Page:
John Fante and the great American novel.

How Hitler Nearly Killed the Great American Novel and Charles Bukowski Saved It

Never before has a novel encapsulated downtrodden, depression-era Los Angels like John Fante’s Ask the Dust, and it’s not even close.

It’s a pure masterclass through and through, one of the greatest pieces in the literary canon without even trying. It’s often been touted as the Left Coast’s answer to Gatsby, their Great American Novel.

The way Fante describes the city and goes into deep, ruthless detail about its poor and struggling underbelly is nothing short of stunning. He makes even the hardest and hungriest of times seem beautiful. And that’s where his greatness lies.

“Los Angeles, give me some of you! Los Angeles come to me the way I came to you, my feet over your streets, you pretty town I loved you so much, you said flower in the sand, you pretty town!”

John Fante, Ask the Dust

But we almost never got to read it. It took over fifty years for the novel to get its proper place in bookstores worldwide, letting it become the classic that it is today instead of being lost in the literary shuffle forevermore.

A young John Fante in Los Angeles.

First editions start flowing off the press but Hitler has other ideas

After a slew of short stories published in highly reputable magazine and a successful debut novel, Wait Until Spring, Bandini, Fante released Ask the Dust, the second installment of the Bandini Quartet.

second installment of the Bandini Quartet in 1939 with 2,200 first edition copies of Ask the Dust.

Around 2,200 copies of the first edition were released in 1939, but it took nearly 20 years for the paperbacks to reach the market, and another thirty before it was widely read. All because of one terrible man and his biography.

That man was Adolf Hitler, and the biography was Mein Kampf.

Fante’s publisher decided to mass produce the controversial biography without authorization and set it loose in the world. They quickly found themselves embroiled in an intense legal battle that nearly bankrupt the company.

Fante’s masterclass was quickly put on the back burner and the Great American Novel of LA was nearly lost forever. The money that was supposed to go towards marketing and a mass release were gobbled up by highly-paid lawyers and legal fees.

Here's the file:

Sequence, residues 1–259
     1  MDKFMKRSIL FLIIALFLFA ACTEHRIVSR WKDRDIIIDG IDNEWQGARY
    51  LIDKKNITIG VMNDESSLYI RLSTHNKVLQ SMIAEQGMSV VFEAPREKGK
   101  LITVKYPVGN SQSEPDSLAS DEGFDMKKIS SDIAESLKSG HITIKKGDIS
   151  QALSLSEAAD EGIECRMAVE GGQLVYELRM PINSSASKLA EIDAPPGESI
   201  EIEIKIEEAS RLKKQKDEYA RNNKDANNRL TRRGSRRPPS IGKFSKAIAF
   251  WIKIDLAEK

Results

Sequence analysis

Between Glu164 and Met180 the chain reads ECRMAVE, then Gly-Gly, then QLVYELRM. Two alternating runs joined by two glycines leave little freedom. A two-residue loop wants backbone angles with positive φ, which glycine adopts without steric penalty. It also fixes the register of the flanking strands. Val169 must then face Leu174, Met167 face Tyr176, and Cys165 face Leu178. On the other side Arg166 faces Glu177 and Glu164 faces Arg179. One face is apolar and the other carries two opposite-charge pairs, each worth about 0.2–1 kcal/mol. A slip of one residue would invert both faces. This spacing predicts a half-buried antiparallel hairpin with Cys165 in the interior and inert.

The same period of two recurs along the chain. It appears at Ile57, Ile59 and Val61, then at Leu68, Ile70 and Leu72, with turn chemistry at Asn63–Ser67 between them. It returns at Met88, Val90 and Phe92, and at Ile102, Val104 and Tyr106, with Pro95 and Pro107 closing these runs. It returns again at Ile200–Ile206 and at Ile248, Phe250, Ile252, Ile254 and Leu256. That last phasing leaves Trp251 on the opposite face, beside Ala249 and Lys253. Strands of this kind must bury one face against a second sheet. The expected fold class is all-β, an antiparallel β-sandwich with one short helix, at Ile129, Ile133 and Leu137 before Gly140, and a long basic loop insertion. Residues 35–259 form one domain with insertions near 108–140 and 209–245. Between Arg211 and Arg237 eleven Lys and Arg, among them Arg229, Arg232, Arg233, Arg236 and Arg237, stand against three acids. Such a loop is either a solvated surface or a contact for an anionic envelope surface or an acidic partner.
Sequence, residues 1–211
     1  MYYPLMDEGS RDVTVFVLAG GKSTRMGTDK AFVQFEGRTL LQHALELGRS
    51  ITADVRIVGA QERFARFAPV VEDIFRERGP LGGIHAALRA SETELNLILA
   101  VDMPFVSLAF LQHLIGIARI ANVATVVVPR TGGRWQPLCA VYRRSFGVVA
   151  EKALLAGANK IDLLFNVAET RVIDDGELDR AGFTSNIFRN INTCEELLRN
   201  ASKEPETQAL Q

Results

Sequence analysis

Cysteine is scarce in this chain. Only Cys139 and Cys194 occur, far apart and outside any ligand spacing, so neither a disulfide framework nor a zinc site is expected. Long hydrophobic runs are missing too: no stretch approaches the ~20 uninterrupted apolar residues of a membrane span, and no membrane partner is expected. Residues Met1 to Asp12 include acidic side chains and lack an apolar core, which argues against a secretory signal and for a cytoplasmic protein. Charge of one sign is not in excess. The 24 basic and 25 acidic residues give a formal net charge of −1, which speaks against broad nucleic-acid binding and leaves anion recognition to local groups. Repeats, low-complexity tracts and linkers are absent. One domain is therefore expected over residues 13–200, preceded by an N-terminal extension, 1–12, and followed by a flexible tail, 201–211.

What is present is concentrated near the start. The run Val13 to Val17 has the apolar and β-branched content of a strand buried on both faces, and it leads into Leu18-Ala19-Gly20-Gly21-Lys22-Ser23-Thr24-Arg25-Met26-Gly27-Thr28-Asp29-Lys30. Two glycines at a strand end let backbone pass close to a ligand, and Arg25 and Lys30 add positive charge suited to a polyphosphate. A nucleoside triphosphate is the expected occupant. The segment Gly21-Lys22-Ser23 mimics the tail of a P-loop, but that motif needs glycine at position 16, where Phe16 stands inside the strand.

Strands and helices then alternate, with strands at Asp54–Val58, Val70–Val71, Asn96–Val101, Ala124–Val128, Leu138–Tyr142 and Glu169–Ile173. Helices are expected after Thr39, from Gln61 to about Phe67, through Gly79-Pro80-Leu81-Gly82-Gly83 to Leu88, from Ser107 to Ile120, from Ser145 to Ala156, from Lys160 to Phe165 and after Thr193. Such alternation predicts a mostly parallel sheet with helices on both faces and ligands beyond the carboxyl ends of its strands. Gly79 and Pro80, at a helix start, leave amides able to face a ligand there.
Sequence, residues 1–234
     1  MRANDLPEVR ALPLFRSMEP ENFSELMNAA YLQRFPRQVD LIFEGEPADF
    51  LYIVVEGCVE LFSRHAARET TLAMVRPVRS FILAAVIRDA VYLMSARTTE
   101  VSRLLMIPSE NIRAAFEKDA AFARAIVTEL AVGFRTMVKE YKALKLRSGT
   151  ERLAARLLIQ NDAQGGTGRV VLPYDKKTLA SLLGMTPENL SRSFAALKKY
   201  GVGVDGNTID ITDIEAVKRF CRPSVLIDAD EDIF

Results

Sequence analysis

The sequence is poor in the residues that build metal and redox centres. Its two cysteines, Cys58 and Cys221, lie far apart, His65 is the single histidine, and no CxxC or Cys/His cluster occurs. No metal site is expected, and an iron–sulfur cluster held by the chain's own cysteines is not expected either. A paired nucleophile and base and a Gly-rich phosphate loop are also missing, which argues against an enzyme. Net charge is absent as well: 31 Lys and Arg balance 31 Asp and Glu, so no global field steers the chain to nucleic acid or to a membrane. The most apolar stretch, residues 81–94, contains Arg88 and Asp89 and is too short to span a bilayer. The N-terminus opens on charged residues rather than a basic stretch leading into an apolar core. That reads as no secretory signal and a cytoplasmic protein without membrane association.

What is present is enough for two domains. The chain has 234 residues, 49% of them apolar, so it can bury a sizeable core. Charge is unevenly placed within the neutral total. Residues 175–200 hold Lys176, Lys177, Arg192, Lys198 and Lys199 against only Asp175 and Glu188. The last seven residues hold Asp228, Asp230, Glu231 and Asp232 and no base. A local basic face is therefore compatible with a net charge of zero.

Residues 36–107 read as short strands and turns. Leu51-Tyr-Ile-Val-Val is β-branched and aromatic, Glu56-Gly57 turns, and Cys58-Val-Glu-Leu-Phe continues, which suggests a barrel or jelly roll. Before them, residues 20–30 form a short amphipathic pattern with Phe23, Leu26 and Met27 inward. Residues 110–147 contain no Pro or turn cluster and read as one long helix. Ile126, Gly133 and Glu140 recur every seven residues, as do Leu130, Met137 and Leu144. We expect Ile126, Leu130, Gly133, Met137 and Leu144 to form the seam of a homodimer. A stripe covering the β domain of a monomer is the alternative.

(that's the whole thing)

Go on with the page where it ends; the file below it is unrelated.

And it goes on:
But then, just when all appeared to be lost, a dirty old man came along to save the day and his God in one fell swoop. And save the day he did.

Ask the Dust, the quintessential American novel describing downtrodden Los Angeles.

Charles Bukowski comes and saves the day (a sentence I never thought I’d write)

When he was poor, young, starving, and trying to make it as a writer himself, Charles Bukowski stumbled across Fante and Ask the Dust in the LA public library.

While the two wouldn’t meet for many, many years, their lives would one day become forever intertwined. The student would one day rise to unbelievable fame and change the teacher’s life and legacy. And the rest is history.

But for a long time, Bukowski was nothing more than a fan and poured over every word the Italian wrote and let it seep deeply into his own style. You can see it clear as day when reading Buk’s work. He’s a funnier, cruder Fante. Just like he’d always wanted.

“John Fante was God.”

Charles Bukowski in his introduction to the 1980 republication of Ask the Dust

After his career had taken off and he’d become the infamous golden goose of Black Sparrow, Bukowski pushed for a mass republication of Ask the Dust and all of Fante’s other work.

In 1980, Bukowski’s wish came true. Ask the Dust was released again—properly the second time around. Overnight, John Fante became a living legend. His destiny had finally been fulfilled, his place on literature’s Mount Rushmore cemented.

More than 60 years after its first lackluster publication, Ask the Dust finally got to spend several well-deserved weeks atop the New York Times’ Best Seller’s List. Thank you Buks. We’re all forever grateful.

John Fante square in downtown Los Angeles.

Becoming the classic that it always should’ve been

The literary world and contemporary landscape was forever changed following the fabled second publication. Nearly everybody in America who wanted to write a novel worshipped Fante.

To those out West he was nothing short of God. I mean, he wrote their Great American Novel and got a square named after him because of it. That, and a deep cut reference from David Foster Wallace himself in his own debut.

Not a bad legacy to leave behind if you ask me. Long live Bandini, may he never be forgotten.

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This will be a long, winding journey, but a necessary one nonetheless. And I can’t wait to share it with you.

Thank you,

Nicholas Coursel